There’s an old saying that “time flies when you’re having fun”. That must be true since the past three years for me here at Photography Life have gone by at supersonic speeds.
Unlike many photography blogs on the internet Photography Life has carved out a unique place for itself with its comprehensive and diverse content, while at the same time creating a respectful environment for its family of readers.
Many folks turn to Photography Life as their primary source for the latest impartial gear reviews, in-depth tutorials on various techniques, and a range of feature articles that provide insights on many other interesting topics. There’s few other places that one can go on the internet to find so much in one location.
It’s been three years this month since Nasim officially asked me to join the writing team, and introduced me to the readers at Photography Life. Being a small part of the talented team here comes with its own set of personal challenges. The first is that most perishable of commodities – time. Regardless of what seminar that each of us may have attended at some point in our lives, time management is an impossibility. It simply does not exist. None of us has ever been able to manage time – it marches on incessantly with each ticking second and cannot be controlled. Each passing moment brings us ever closer to the end of our time here on this spinning orb…and for many of us fuels an inner sense of urgency.
The reality is that all we can do, and ever have been able to do, is manage our priorities. Every Photography Life editorial contributor makes a conscious decision to allocate some of their time to craft an article. Just like every one of you who read Photography Life make a conscious decision to dedicate some of your precious time when you post a comment. Once committed that time that each of us dedicate to an action can never be recovered and reused.
The second challenge is personal growth. From where will that next spark of inspiration come? What images will we see in our minds that we can bring to life through the magic of photography? How can we touch another human being with our creations? These challenges are not unique to contributors at Photography Life – they are a part of every one of us who has a creative passion for photography and how it can help enhance the world around us.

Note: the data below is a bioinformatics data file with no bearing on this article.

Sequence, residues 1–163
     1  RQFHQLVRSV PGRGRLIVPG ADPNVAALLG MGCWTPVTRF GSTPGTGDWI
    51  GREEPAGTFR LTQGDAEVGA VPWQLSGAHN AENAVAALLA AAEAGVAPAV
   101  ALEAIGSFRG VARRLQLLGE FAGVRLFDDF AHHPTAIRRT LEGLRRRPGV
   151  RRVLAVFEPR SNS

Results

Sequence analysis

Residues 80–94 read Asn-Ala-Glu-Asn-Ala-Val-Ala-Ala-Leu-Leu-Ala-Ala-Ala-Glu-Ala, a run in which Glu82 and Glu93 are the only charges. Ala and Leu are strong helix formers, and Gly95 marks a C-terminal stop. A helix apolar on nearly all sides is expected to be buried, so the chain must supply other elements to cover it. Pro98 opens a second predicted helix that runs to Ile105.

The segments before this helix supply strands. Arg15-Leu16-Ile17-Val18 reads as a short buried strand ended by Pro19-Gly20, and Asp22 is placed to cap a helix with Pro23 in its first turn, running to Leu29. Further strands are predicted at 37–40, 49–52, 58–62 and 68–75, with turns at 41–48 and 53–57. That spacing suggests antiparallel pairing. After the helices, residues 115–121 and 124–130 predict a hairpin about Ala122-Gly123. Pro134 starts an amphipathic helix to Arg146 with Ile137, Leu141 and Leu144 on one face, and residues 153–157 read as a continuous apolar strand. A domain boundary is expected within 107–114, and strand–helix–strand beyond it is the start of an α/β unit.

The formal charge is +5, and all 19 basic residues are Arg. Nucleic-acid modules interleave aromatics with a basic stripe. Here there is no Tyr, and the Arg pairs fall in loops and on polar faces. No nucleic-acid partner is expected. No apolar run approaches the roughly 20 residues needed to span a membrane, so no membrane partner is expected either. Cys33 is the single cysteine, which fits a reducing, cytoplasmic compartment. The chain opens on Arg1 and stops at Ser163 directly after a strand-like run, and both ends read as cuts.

The third challenge is equanimity. How do we find and maintain the inner calmness to accept opposing views that can sometimes become emotionally charged and potentially irrational? Whenever any of us displays our work or expresses an opinion about anything we risk criticism and ridicule. It simply comes with the territory and cannot be avoided.
To stop creating and to stop engaging with others, is to stop living. At the start of each day we gather all of the courage we can muster and venture forth as if this day may be our last. Each of us knowing deep down that one day we will be right about the finality of our life here.
Time. Growth. Equanimity. Three challenges that each of us share. I am most thankful to have had many opportunities to do so with all of you over the past three years…and I look forward to more ahead.
All images were captured hand-held in available light. All images in this article were produced from RAW files using my standard process of OpticsPro 11, CS6 and Nik Suite.
Article Copyright 2017 Thomas Stirr. All images are Copyright 2016 Thomas Stirr. All rights reserved. No use, adaptation or reproduction of any kind including electronic and digital is allowed without written consent. Photography Life is the only approved user of this article. If you see it reproduced anywhere else it is an unauthorized and illegal use.
Very nice article, Thomas! Plenty of feed for thought and reflection! I enjoy your articles immensely, particularly since you write quite a bit on the Nikon 1 system.
I have also recently joined the Nikon 1 world, and this spring I plan my first trip (to the north-eastern state of Sikkim in India) with the Nikon 1 V1 and Nikon 1 J5. While I am a little apprehensive leaving my Nikon D7100 with the attendant big glass at home, I am looking forward to transitioning to a smaller, lighter setup where the weight of the camera gear does not get in the way of the overall experience.